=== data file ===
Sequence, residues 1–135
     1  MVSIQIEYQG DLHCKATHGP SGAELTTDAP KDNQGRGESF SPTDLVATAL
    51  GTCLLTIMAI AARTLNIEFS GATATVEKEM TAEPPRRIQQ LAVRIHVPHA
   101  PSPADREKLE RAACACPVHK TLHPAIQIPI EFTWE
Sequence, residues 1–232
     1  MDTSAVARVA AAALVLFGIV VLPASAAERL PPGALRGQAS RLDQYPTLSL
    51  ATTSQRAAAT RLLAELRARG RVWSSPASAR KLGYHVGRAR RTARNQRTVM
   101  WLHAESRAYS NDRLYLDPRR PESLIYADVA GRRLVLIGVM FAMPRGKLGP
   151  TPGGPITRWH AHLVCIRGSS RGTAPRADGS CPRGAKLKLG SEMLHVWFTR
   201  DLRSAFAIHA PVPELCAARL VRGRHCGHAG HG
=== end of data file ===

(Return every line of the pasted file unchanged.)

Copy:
Sequence, residues 1–135
     1  MVSIQIEYQG DLHCKATHGP SGAELTTDAP KDNQGRGESF SPTDLVATAL
    51  GTCLLTIMAI AARTLNIEFS GATATVEKEM TAEPPRRIQQ LAVRIHVPHA
   101  PSPADREKLE RAACACPVHK TLHPAIQIPI EFTWE
Sequence, residues 1–232
     1  MDTSAVARVA AAALVLFGIV VLPASAAERL PPGALRGQAS RLDQYPTLSL
    51  ATTSQRAAAT RLLAELRARG RVWSSPASAR KLGYHVGRAR RTARNQRTVM
   101  WLHAESRAYS NDRLYLDPRR PESLIYADVA GRRLVLIGVM FAMPRGKLGP
   151  TPGGPITRWH AHLVCIRGSS RGTAPRADGS CPRGAKLKLG SEMLHVWFTR
   201  DLRSAFAIHA PVPELCAARL VRGRHCGHAG HG